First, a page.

AWS and the Quest for Identity-Centric Security

September 13, 2016 |
Control user access to AWS resources, in a very fine-grained way, without having to manually create and maintain burdensome lists of IP addresses across security groups

Everyone using Amazon Web Services (AWS) quickly becomes familiar with the Shared Responsibility model for security, depicted below. This is a necessary, and well-thought-out part of the AWS design, clearly delineating what customers and AWS are responsible for from a security perspective.

While some of these aspects are very straightforward to integrate into an enterprise’s standard tools and processes – like OS patching – others, in particular network security, are not so simple.

AWS Shared Responsibility Model

Let’s dive into this. AWS takes a straightforward, network-centric approach to network security. AWS Security Groups define firewall rules which allow source IP addresses to get access to AWS resources.[1]

However, this IP address-based approach is to some degree at odds with how enterprises are now approaching security — moving away from IP addresses and perimeters, and toward architectures centered on users and identities.

”Identity is the new perimeter” – while this is a cliché, it’s a cliché that we fundamentally believe in. The Software-Defined Perimeter (SDP) model (read a quick backgrounder) leverages identity and user context and automatically creates an individualized network perimeter for each user – a network ‘segment of one’.

This approach allows enterprises to control user access to AWS resources, in a very fine-grained way, without having to manually create and maintain burdensome lists of IP addresses across security groups. And, because each user’s access is individually managed via simple policies, security teams’ workloads are lightened and compliance reporting becomes a snap.

Control user access to AWS resources, in a very fine-grained way, without having to manually create and maintain burdensome lists of IP addresses across security groups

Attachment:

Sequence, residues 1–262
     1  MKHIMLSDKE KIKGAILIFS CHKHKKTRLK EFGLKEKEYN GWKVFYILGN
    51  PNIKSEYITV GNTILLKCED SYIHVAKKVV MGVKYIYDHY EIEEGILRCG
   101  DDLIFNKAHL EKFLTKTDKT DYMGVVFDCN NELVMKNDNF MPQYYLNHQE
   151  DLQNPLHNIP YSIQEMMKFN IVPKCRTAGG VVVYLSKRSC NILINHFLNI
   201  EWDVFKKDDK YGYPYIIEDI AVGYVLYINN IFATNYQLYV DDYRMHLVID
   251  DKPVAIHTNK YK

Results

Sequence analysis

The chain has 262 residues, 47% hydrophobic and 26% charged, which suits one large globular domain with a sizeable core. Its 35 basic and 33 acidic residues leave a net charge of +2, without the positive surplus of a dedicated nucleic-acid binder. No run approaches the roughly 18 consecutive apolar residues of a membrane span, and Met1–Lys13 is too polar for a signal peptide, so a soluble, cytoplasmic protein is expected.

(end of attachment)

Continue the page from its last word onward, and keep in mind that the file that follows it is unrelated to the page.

With this approach, organizations can leverage their existing identity management and authentication systems, and create meaningful policies that control user access to AWS resources. Our solution, AppGate XDP, automatically detects new AWS instances so user access is automatically adjusted without requiring any manual changes.

Interested in trying this out? Our AppGate solution is now available in the AWS Marketplace. Check it out and sign up for a free trial. We’ve created step-by-step instructions so you can get started easily. Enjoy!


 

[1] Technically, Security Groups are used to protect EC2 and RDS resources. Other AWS resources don’t leverage security groups for network access control, so we’re using “AWS” here as shorthand for EC2 and RDS.

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Jason Garbis

Vice President of Products, Cryptzone
Jason Garbis is Vice President of Products for Cryptzone, where he's responsible for the company's product strategy and product management. Garbis has over 25 years of experience with technology vendors, including roles in engineering , professional services, product management, and marketing. Jason joined Cryptzone from RSA, and holds a CISSP certification.

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